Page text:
[Cole Price] describes himself as a photographer and a space nerd. We’ll give that to him since his web site clearly shows a love of cameras and a love of the NASA programs from the 1960s. [Cole] has painstakingly made replicas of cameras used in the space program including a Hasselblad 500C used on a Mercury flight and another Hasselblad used during Apollo 11. His work is on display in several venues — for example, the 500C is in the Carl Zeiss headquarters building.
[Cole’s] only made a detailed post about 500C and a teaser about the Apollo 11 camera. However, there’s a lot of detail about what NASA — and an RCA technician named [Red Williams] — did to get the camera space-ready.
If you are familiar with how government projects work today, you’ll smile when you read that [Wally Schirra] just bought the original 500C at a local camera store. However, it wasn’t suitable for use on orbit.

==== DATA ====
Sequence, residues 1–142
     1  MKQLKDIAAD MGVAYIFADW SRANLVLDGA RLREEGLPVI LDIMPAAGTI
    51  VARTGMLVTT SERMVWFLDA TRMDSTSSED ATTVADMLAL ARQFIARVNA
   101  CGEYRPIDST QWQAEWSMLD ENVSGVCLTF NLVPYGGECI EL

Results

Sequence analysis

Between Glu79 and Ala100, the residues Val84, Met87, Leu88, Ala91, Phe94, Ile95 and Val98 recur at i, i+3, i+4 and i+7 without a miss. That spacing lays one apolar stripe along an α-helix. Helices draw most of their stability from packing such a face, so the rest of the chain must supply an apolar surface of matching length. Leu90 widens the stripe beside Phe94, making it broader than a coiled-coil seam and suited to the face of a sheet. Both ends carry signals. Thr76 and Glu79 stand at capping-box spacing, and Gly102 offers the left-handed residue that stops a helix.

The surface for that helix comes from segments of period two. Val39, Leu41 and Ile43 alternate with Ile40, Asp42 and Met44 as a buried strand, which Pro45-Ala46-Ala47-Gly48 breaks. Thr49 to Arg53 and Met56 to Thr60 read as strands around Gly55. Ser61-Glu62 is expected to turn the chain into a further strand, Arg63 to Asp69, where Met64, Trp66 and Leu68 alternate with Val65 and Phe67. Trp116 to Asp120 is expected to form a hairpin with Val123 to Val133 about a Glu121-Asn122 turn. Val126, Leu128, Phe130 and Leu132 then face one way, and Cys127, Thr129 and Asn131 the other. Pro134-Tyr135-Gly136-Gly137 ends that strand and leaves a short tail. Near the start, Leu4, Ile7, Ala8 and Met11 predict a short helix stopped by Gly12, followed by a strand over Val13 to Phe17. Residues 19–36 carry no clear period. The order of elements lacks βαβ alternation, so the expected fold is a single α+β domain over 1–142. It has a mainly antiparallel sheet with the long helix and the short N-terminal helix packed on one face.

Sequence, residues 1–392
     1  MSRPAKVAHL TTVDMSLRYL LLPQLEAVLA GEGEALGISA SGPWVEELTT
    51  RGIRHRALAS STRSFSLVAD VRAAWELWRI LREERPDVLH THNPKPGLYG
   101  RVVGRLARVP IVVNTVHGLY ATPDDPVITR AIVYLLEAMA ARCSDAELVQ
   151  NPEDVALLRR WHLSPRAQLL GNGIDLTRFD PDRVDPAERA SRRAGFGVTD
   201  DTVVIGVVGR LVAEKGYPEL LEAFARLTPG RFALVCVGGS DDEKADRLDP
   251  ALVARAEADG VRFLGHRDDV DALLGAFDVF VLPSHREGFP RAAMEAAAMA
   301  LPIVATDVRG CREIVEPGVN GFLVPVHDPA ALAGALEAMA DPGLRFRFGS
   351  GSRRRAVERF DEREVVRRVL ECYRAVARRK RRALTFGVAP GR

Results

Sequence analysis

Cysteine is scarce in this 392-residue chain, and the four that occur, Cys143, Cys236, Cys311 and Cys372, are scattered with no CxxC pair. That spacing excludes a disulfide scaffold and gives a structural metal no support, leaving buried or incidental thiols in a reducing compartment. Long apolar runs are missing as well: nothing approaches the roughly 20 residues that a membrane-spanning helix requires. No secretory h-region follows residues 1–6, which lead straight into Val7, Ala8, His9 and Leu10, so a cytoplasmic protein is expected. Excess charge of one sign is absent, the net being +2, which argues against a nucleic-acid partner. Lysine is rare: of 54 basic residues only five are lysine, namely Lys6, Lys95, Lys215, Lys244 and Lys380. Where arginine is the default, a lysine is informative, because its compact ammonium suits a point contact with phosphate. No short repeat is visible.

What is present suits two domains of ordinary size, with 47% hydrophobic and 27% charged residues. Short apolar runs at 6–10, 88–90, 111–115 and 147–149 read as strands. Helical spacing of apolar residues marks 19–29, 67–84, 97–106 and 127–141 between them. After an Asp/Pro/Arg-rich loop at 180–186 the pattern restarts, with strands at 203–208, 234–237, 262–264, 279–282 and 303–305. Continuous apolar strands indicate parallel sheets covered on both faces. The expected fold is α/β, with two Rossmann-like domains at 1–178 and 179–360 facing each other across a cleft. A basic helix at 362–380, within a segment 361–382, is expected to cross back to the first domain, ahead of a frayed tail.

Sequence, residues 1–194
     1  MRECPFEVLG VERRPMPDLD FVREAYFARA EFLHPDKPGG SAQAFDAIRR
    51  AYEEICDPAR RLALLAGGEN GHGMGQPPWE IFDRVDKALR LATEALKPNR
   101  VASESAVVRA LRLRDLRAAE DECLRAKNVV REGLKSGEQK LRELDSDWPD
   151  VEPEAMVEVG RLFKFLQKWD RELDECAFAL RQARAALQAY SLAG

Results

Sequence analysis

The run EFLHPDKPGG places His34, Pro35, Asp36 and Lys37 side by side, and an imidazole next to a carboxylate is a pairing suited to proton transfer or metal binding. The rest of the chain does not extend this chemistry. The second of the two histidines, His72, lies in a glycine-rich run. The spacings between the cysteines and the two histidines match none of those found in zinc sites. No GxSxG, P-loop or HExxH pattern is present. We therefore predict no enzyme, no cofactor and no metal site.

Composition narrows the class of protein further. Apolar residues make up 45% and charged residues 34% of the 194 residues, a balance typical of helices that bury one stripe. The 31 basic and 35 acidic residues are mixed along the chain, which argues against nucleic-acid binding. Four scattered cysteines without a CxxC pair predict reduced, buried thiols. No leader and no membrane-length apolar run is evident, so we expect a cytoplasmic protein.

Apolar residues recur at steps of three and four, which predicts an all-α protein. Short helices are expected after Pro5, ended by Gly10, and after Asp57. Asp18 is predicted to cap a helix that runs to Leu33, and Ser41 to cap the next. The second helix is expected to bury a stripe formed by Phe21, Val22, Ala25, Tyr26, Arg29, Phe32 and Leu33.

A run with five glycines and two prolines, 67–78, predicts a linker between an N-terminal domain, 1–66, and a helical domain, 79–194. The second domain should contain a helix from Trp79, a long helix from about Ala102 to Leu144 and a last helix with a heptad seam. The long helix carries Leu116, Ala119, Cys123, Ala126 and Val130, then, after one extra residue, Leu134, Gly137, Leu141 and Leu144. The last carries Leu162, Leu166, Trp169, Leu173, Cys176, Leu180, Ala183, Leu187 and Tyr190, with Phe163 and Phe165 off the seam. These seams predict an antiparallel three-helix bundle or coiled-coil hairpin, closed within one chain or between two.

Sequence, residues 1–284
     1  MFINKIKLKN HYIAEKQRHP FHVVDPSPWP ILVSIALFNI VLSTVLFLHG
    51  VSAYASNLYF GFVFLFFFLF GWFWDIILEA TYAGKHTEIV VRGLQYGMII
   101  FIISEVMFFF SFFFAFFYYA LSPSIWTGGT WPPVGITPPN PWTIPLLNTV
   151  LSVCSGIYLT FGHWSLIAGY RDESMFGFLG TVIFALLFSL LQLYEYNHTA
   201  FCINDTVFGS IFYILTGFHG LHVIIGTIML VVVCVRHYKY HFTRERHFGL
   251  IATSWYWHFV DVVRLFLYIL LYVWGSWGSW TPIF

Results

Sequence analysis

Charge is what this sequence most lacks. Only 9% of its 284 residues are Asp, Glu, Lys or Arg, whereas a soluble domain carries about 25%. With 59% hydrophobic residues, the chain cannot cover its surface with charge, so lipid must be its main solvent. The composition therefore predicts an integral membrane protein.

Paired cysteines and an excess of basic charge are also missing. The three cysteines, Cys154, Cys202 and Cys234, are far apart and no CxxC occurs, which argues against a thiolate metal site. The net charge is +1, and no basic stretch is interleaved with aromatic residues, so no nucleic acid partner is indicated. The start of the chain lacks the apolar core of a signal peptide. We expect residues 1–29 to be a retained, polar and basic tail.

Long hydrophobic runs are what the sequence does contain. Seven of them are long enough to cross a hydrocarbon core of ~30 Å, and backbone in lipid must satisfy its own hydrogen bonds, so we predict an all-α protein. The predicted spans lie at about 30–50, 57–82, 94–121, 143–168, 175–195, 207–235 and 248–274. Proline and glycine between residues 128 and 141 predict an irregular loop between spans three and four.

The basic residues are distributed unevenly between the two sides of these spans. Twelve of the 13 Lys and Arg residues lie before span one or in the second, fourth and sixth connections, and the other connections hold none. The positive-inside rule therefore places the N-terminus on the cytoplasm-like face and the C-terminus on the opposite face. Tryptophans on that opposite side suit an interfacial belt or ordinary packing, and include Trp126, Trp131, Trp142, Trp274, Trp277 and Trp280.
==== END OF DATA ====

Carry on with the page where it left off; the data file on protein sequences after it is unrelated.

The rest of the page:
The Mercury capsule was tiny, so the camera got an external viewfinder. The leather covering had to go too, since it could outgas in a vacuum. Fearing shiny reflections in the capsule window, the camera also got a coat of black paint. The lens had some modifications, too, to make it easier to work with gloved hands. They even bolted down the film back to prevent accidental opening ruining pictures while fumbling with the camera in the tiny craft.
We are looking forward to hearing more about the Apollo camera reconstruction. Usually, we are thinking about their computers, but the cameras were a great piece of tech, too. We know Apollo launched a lot of engineers, but maybe it also spawned some photographers.